Nathaniel Wedd was born in Northumberland in 1864. He was raised largely by his mother in London, his father having died when he was young, and came to King's College as a scholar from the City of London School in 1883. In his final year as an undergraduate, he took firsts in both parts of the classical tripos, leading to his election as a fellow of King's in 1888.
As a fellow, Wedd excelled in scholarship, putting his broad range of knowledge and keen intellect at the service of a number of scholars whose work benefitted thereby. He published little of his own, however; namely, a notable edition of 'Orestes' by Euripedes. His true calling, as he saw it, was teaching, and it is as an inspirational lecturer and tutor that he is widely remembered. He was in large part responsible for the reinvigoration of classics in the University at this time, and he provided even more invaluable service to the colleges of King's and Newnham.
It is well known that Wedd took on far more than his share of duties at King's, allowing other scholars - notably M.R. James and Walter Headlam - to concentrate on research. The consequences of Wedd's choice, however, extended far beyond his fellow scholars. It was principally Wedd and Goldsworthy Lowes Dickinson who created the atmosphere of inspiration and individuality that dominated the college at the turn of the century. Wedd, according to an obituary, had the 'gift of winning the confidence of the most reserved....He understood undergraduates of all kinds and cared to see only their merits, of which he was always the first and sometimes the only discoverer; and once he knew his man, he knew exactly how best to help and stimulate him.' As his tutor, Wedd was a direct influence on the author E.M. Forster, who credited him with 'such awakening as has befallen me'. The King's that Wedd helped to create shaped both Rupert Brooke and J.M. Keynes.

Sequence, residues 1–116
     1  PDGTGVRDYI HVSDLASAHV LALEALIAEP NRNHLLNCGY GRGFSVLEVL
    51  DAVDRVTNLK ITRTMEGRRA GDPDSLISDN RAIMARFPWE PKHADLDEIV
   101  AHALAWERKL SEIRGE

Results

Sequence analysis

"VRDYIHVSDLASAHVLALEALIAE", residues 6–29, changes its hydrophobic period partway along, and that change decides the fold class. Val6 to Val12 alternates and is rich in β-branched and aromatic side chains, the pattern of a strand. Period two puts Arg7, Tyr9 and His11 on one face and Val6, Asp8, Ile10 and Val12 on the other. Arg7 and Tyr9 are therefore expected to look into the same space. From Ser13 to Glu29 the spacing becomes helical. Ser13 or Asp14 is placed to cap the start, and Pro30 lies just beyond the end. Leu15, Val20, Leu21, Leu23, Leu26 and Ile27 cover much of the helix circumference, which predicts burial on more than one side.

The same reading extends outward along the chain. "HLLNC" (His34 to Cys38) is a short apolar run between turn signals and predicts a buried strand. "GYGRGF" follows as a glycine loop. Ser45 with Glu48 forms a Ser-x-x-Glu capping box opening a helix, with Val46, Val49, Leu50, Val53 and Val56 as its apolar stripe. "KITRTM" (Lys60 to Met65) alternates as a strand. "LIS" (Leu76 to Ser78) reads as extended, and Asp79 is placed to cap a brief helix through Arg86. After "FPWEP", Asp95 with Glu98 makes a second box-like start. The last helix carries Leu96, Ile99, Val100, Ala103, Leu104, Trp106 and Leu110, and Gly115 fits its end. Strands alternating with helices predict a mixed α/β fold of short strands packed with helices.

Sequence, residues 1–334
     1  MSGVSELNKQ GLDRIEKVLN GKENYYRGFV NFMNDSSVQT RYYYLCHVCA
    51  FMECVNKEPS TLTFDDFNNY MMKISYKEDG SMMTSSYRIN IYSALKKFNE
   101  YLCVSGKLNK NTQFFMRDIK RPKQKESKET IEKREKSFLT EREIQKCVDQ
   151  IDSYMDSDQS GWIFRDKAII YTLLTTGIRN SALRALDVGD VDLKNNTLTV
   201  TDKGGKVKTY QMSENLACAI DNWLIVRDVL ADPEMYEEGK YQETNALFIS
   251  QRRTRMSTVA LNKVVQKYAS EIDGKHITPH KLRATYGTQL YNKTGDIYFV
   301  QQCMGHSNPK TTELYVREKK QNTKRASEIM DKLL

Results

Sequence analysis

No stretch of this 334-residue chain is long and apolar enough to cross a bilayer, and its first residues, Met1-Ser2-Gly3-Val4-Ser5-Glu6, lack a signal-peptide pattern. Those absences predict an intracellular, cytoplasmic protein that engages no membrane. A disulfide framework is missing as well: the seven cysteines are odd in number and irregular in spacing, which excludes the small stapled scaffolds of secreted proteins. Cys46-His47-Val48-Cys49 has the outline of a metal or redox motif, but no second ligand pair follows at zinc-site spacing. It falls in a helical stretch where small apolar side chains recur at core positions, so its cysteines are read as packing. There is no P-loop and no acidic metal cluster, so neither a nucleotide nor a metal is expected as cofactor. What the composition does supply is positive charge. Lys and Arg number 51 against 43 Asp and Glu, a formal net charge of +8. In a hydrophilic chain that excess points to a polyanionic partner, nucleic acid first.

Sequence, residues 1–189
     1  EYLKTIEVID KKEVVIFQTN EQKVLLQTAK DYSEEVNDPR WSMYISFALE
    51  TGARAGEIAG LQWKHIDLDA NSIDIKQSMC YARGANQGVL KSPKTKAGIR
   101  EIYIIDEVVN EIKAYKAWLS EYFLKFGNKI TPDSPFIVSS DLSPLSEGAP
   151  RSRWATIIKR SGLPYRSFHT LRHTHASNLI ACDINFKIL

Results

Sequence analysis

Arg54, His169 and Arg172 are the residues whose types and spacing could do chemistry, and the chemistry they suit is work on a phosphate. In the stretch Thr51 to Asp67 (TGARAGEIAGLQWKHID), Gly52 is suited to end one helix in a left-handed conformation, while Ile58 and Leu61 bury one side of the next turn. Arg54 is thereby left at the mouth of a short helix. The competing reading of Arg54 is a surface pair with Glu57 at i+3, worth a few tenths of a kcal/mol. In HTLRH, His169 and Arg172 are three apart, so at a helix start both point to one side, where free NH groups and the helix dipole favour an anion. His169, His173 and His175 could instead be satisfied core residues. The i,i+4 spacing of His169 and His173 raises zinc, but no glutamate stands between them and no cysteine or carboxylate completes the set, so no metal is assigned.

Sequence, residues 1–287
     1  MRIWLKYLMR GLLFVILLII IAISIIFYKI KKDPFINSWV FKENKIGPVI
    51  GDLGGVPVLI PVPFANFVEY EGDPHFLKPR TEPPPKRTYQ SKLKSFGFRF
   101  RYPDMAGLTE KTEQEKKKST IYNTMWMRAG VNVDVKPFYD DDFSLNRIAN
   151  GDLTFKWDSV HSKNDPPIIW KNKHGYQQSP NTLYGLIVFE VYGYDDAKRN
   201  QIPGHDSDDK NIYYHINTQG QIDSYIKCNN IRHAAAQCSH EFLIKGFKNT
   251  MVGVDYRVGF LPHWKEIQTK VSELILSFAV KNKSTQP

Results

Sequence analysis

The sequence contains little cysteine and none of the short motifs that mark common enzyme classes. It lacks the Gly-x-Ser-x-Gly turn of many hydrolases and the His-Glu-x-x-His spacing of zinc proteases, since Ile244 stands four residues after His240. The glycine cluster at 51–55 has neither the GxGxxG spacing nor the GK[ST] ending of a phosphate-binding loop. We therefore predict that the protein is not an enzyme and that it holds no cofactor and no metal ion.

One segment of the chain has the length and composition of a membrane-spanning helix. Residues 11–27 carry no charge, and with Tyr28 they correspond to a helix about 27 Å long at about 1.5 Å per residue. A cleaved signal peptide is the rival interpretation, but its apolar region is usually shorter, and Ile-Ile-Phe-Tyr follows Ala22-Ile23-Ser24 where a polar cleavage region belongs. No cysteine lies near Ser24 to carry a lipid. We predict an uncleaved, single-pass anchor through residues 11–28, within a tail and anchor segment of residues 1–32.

This collection comprises poetry, novels, essays, memoirs, journals, correspondence, photographs and other personal papers of Nathaniel Wedd, as well as papers given after Wedd's death. It also includes the papers of his wife, Rachel Wedd, whom he originally met as one of his pupils at Newnham.
The majority of the papers of Nathaniel Wedd were bequeathed to King's College by Mrs. Rachel Wedd in 1943 and additional letters were deposited in 1962 and 1977. Bertram and Harold Bulmer gave Nathaniel Wedd's memoir, 'The University', and copies of Rachel Wedd's treatise on civilisation in June 1985. These gifts were previously listed as Misc. 28 and 30, Wedd I-VI.
Materials deposited during the 1980s by members of the Bulmer family, prinicipally Harold Bulmer, were formerly listed as the 'Bulmer-Wedd Collection' I-II. Items which belong within the Bulmer family archive are now described in a separate catalogue.
Permission to quote from the published and unpublished writings of Nathaniel Wedd must be obtained from the Librarian, King's College, Cambridge CB2 1ST.
Please cite as King's College Archive Centre, Cambridge, The Papers of Nathaniel Wedd, NW
The biographical details above were taken from the 'Annual Report of the Council, King's College Cambridge' (Nov. 1940), pp. 2-4.
For letters by Nathaniel and Rachel Wedd, as opposed to those received, see King's College Archive Centre, Cambridge EFB.
This new catalogue was completed in July 1998.